Business & Real Estate

Why is Jackson Rancheria casino tribe buying a newspaper?

Customers fill the floor at Jackson Rancheria Casino. The casino’s owner, the Jackson Rancheria Band of Miwuk Indians, is buying the Amador Ledger Dispatch newspaper.
Customers fill the floor at Jackson Rancheria Casino. The casino’s owner, the Jackson Rancheria Band of Miwuk Indians, is buying the Amador Ledger Dispatch newspaper. Sacramento Bee file

The Indian tribe that owns Jackson Rancheria Casino Resort has entered the newspaper business, buying the main paper in Amador County in a move that strengthens the tribe’s influence in the largely rural community while diversifying its own economic base.

The Jackson Rancheria Band of Miwuk Indians said Monday it purchased the 161-year-old Amador Ledger Dispatch and will fold the paper’s operations into the Acorn News, a competing newspaper the tribe created several weeks ago. The tribe paid $1 million for the subscriber base and other assets of the paper, said Rich Hoffman, chief executive of the tribe and general manager of the popular casino.

Buying the Ledger Dispatch caps several months of turmoil and community intrigue surrounding the Ledger Dispatch.

The once-a-week paper was purchased in 2013 by Tami Tran, a Bay Area media investor. Hoffman said much of the staff left the paper recently, including its longtime publisher, Jack Mitchell. Mitchell and the other staffers then went to work for the Jackson Rancheria tribe, launching the Acorn News.

Amid the Ledger Dispatch’s troubles, the tribe sensed an opportunity.

“The tribe felt maybe it was a good opportunity to start their own publication,” Hoffman said in an interview. “The tribe supports our local community.”

The purchase puts the tribe in an unusual position and raises questions about journalistic independence. Few tribes, if any, own newspapers, and the Acorn will be reporting on a potential competitor to the Jackson Rancheria casino. The Buena Vista Rancheria of Me-Wuk Indians is proposing to build a casino near Ione.

Hoffman said the Acorn will be published independently, without any interference from the tribe.

“The tribe is committed to maintaining the properly ethical separation between business and editorial,” he said. The Acorn is currently published from the Jackson Rancheria tribal offices but at some point will find an office in Jackson, where the Ledger Dispatch has been published, he said.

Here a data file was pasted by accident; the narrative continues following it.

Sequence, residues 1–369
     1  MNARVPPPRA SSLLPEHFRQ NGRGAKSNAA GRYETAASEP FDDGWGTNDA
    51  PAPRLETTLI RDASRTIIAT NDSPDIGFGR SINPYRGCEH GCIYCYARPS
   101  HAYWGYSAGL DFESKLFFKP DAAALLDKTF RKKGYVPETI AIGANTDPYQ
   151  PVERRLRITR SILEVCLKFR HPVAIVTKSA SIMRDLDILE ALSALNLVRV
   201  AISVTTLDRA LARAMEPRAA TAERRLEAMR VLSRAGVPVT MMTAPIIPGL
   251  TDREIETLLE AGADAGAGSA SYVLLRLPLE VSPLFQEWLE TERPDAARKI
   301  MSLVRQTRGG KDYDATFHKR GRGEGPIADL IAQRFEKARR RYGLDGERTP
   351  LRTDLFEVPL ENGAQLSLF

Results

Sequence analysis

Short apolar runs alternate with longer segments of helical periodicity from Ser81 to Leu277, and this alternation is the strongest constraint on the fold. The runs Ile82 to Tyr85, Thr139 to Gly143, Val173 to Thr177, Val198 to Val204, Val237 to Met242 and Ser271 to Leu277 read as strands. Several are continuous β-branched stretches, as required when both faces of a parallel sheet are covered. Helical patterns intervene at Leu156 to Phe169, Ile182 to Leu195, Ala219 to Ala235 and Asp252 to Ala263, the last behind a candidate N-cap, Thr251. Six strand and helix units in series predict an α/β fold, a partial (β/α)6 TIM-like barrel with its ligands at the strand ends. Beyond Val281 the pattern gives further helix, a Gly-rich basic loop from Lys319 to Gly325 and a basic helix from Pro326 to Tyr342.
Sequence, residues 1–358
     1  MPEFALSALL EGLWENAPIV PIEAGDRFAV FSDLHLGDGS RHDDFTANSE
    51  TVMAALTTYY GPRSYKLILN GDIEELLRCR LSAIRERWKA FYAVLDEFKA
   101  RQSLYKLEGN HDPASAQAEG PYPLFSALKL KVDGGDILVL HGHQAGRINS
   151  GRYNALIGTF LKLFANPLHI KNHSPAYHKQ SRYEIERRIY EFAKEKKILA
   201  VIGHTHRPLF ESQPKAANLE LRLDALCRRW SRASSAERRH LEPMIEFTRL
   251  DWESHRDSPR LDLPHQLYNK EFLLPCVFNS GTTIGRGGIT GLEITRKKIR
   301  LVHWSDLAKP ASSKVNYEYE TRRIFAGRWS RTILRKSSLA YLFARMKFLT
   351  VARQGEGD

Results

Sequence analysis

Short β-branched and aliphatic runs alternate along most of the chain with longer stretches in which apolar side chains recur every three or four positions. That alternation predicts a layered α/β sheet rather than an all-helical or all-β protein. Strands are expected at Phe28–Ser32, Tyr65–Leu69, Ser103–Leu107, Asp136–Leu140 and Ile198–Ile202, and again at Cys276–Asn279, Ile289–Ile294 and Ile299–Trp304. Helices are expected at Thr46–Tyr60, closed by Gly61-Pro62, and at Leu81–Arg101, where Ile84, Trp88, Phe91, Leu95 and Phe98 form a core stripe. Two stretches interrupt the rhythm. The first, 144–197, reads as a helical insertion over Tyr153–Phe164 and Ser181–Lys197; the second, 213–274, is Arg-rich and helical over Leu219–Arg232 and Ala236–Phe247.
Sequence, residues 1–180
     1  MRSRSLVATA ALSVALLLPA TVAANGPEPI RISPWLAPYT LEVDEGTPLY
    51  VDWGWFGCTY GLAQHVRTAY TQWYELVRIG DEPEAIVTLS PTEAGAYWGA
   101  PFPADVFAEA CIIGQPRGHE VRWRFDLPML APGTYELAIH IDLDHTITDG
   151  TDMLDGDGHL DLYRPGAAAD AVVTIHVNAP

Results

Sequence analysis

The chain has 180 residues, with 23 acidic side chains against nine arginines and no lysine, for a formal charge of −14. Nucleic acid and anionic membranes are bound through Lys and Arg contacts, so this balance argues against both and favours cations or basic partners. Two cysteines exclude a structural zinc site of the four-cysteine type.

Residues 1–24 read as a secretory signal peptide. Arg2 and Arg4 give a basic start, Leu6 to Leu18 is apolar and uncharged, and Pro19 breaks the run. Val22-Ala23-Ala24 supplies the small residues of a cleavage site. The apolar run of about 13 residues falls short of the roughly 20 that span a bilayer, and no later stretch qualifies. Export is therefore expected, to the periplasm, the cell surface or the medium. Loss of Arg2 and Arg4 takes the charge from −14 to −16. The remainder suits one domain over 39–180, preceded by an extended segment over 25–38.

People in the Amador community were taking a wait-and-see approach on the change in ownership. “I like a newspaper to report the facts, whoever owns it,” said Brian Oneto, an Amador County supervisor. He said people respect Mitchell, the publisher, and were troubled to see so many staffers leave the Ledger Dispatch.

The Jackson Rancheria tribe isn’t the first casino owner to try its hand at newspaper publishing. On a grander scale, Las Vegas casino tycoon Sheldon Adelson last year purchased the Las Vegas Review-Journal, raising concerns about the paper’s editorial independence. Adelson is a major donor to the Republican Party and conservative causes, and has committed millions of his own money to the effort to lure the Oakland Raiders to Las Vegas.

Indian tribes, meanwhile, are on the prowl for new ways to make money. Despite the success many have had operating casinos, Indian tribes have been diversifying into real estate, manufacturing and other businesses in recent years. “You see quite a bit of saturation in the gaming,” said George Williams, interim chief executive of the National Center for American Indian Enterprise Development.

For instance, the San Manuel Band of Mission Indians, operator of a casino in San Bernardino County, owns several hotels, including a 62 percent stake in the Marriott Residence Inn near Capitol Park in Sacramento.

Tran, the former owner of the Ledger Dispatch, said she sold the paper because “I don’t want to be in a newspaper war where there’s no profit in it.” She disputed the $1 million sale price reported by Hoffman but declined to elaborate.

Mitchell, the Acorn News’ publisher, said the Acorn will retain vestiges of the Ledger Dispatch, including a commitment to publishing stories about the region’s history. The paper will publish twice a week, he said.

Over the years, the Ledger Dispatch has had numerous owners, including McClatchy, publisher of The Sacramento Bee, which owned the Amador paper from 1989 to 1997. The paper has gone by several names in its history, and Hoffman said the tribe opted to use the Acorn name as “a real fresh start.”

Acorn is shorthand for “Amador & Calaveras Objective Regional News.”

Dale Kasler: 916-321-1066, @dakasler

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